I always wanted to be a hermit. Some of my favorite folks from literature and TV lived in the wild, far from the craziness of society. I had this image in my head of being a "grown up", all scrawny and leathery from too much sun, wearing overalls and a flannel shirt as I foraged through the forest for mushrooms and wild berries. I imagined myself having a one room cabin in the woods, with a small garden and a smokehouse in back. I thought about how wonderful it would be to make my own pemmican and jerky, to wander the wild areas left in the world barefoot and wild. I would spend hours imagining lazy days spent fishing (cuz smoked fish is DA BOMB!), and learning the ways of the creatures that lived closest to me.
*sigh* I guess I never really grew out of that dream.
Funny thing, the depression and anxiety have made me a different type of hermit. Sometimes I get caught up in wondering which came first. Was I a child with a romantic dream that was turned into a nightmare by a chemical imbalance? Or was I always terribly fearful of people, and that was the child's way of making it okay?
I suppose it doesn't matter. I value practicality, and wondering about such things is hardly practical. I am what I am, and though understanding how I got this way is important to understanding myself, what I do with who and what I am is more important to my future.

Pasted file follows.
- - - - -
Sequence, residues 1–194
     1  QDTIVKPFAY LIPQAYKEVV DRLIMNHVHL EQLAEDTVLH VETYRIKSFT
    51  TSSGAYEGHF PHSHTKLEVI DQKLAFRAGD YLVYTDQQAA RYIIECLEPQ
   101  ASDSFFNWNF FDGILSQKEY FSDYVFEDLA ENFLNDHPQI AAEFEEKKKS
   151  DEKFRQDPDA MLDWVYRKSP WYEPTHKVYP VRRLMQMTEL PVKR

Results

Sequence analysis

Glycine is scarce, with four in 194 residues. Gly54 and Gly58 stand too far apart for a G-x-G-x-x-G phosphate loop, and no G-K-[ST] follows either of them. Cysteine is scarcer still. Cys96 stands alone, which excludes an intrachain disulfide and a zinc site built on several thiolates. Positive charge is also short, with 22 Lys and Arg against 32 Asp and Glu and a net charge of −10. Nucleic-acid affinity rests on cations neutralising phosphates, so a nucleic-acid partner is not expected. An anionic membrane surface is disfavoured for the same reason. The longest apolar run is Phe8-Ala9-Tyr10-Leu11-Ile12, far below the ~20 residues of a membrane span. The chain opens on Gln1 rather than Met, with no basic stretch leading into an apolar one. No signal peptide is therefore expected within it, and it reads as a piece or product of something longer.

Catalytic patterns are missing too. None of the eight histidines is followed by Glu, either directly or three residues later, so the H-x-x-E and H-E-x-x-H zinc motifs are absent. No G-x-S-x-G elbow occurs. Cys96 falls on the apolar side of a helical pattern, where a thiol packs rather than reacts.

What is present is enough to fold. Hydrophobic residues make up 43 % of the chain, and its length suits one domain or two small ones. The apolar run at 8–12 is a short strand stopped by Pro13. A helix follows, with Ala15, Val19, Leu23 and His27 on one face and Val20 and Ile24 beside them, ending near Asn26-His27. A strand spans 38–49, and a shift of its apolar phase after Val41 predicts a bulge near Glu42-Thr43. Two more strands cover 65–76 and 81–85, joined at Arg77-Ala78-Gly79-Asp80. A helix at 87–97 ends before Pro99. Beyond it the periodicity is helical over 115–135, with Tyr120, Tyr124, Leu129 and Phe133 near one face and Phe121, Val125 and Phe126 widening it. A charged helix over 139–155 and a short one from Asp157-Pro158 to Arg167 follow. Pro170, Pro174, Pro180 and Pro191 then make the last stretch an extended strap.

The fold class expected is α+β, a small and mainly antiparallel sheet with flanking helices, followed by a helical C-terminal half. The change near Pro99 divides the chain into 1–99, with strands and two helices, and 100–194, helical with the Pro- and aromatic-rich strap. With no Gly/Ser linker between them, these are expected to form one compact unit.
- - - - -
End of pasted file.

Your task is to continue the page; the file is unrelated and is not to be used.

Without my meds, I am most content alone here in my little bubble I have created at Barefoot Manor. I fuss in the gardens, watching carefully for the first leaves to open to the spring sun or carefully pulling mulch back and looking for the first spikes of green from my perennials. I fight with the Sprouts, trying to get Big Sprout to do her chores and dealing with Little Sprout's temper tantrums. I go to work, but the idle chatter that the girls indulge in seems so trivial. So I retreat.
Sometimes I think about going back on my meds. I think about how much easier life is when I am medicated. But then I think that life shouldn't be easy. We value things that are hard-won, and every small pleasure is a victory when you are fighting the demons of fear and sadness.
So I think I will continue on the way I am for a while. I have so many things to be grateful for. I have the dreams of my just-begun garden. I have a freezer full of good, local meat. I have a family that is healthy and wonderful and loving. What more do I need? Being a bit of a hermit may be unusual, but it is far from bad.